"During peace-time, our 'Will' must find its expression through 'Preparation'.  The war of preparation being waged by us during peace is vastly more important than the active war.  Strategy has comparatively greater stakes in a drill square, during a training exercises, at a model discussion and in an operational conference than in the theater or zone of operations.  Anything we do or fail to do during peace-time is creating a certain impact - favorable or otherwise - upon our potential adversaries.  Seemingly trivial and innocent acts of commission and omission can also accumulate together to asume great importance.  We must be constantly conscious of the fact that our strategy is working in full swing during peace-time, and by our actions, we are either contributing towards the attainment of its aim or are undermining it, as the case may be.

   "Preparation must be 'to the utmost', both in quality and in quantity.  It must be a continuous and never ending process.  Preparation should be at the plane of total strategy, that is, Jehad, and not of the military instrument alone.  Military preparedness will yield the desired results only if it forms a part of the total preparedness.  Quantitative preparation may have its physical limitations but qualitative preparation is limited only by our will and energy to acquire it.  The lesser the physical resource, the greater must be the stress and reliance on the spiritual dimensions of war.  Their operational effectiveness of a fighting force depends upon its total strength: physical as well as spiritual.  An army might be inferior in one field but should be superior to the opponent in the aggregate.  The side that is inferior in physical strength can draw on its spiritual strength to acquire a higher degree of aggregate strength.  Physical strength must, however, be prepared for and applied 'to the utmost'.  Physical preparedness is complimentary to spiritual preparedness and vice versa; none can compensate or intercede for the other.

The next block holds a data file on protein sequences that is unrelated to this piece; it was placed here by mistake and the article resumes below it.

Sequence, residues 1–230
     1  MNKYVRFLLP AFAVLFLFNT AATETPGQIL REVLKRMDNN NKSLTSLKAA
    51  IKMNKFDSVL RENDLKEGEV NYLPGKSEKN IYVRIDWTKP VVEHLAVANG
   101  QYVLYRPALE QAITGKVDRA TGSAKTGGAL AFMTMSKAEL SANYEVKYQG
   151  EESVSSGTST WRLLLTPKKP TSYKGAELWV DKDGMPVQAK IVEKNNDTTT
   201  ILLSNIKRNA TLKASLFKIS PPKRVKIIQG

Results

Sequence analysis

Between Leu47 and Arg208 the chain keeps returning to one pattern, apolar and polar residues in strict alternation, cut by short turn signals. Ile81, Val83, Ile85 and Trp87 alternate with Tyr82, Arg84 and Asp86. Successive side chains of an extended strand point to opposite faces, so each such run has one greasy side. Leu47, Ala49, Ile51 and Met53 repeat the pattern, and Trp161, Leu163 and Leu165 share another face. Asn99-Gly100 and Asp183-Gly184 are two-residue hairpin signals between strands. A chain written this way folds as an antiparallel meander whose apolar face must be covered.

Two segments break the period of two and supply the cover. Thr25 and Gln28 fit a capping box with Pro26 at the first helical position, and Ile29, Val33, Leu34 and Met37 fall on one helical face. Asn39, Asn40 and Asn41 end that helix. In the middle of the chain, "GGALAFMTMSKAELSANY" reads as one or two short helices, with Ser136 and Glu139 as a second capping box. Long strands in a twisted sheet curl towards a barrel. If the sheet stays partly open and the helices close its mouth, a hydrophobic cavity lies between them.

"Terror struck into the hearts of the enemies is not only a means, it is the end in itself.  Once a condition of terror into the opponent's heart is obtained, hardly anything is left to be achieved.  It is the point where the means and the end meet and merge.  Terror is not a means of imposing decision upon the enemy; it is the decision we wish to impose upon him.  Psychological and physical dislocation is, at beat, a means, though, by no means, conclusive for striking terror into the hears of the enemies.  Its effects are related to the physical and spiritual stamina of the opponent but are seldom of a permanent and lasting nature.  An army that practices the Quranic philosophy of war in its totality is immune to psychological pressures.  When Liddell Hart talks of imposing a direct decision upon the enemy through psychological dislocation alone, he is taking too much for granted.

   "Terror cannot be struck into the hearts of an army by merely cutting its lines of communication or depriving it of its routes of withdrawal.  it is basically related to the strength or weakness of the human soul. It can be instilled only if the opponent's Faith is destroyed.  Psychological dislocation is temporary; spiritual dislocation is permanent.  Psychological dislocation can be produced by a physical act but this does not hold good of the spiritual dislocation.  To instill terror into the hearts of the enemy, it is essential, in the ultimate analysis, to dislocate his Faith.  An invincible Faith is immune to terror.  A weak Faith offers inroads to terror.  The Faith conferred upon us by the Holy Quran has the inherent strength to ward off terror from us and to enable us to strike terror into the enemy.  Whatever the form or type of strategy directed against the enemy, it must, in order to be effective, be capable of striking terror into the hearts of the enemy. [Underlining added.] A strategy that fails to attain this condition suffers from inherent drawbacks and weaknesses; and should be reviewed and modified.  This rule is fully applicable to nuclear as well as conventional wars.  It is equally true of the strategy of nuclear deterrence in fashion today.  To be credible and effective, the strateg;y of deterrence must be capable of striking terror into the hears of the enemy." p.58-60.